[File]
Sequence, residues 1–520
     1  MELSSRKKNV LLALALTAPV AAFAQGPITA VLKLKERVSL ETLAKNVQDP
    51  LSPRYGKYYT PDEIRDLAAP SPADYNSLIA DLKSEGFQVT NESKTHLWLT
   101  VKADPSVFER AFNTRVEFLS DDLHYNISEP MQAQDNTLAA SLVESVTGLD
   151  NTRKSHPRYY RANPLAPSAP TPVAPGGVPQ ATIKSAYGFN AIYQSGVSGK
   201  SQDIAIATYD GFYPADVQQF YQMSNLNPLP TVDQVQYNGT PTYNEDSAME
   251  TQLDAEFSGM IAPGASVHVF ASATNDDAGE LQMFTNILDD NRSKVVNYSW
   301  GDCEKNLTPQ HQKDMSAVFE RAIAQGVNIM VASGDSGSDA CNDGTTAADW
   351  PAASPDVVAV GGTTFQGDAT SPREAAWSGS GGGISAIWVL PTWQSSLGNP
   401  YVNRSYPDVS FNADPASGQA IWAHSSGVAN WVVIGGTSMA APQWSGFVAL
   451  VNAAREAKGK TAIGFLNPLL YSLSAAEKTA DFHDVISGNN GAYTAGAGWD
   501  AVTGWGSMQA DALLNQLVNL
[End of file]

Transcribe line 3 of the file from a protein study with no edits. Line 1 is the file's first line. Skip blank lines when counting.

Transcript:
    51  LSPRYGKYYT PDEIRDLAAP SPADYNSLIA DLKSEGFQVT NESKTHLWLT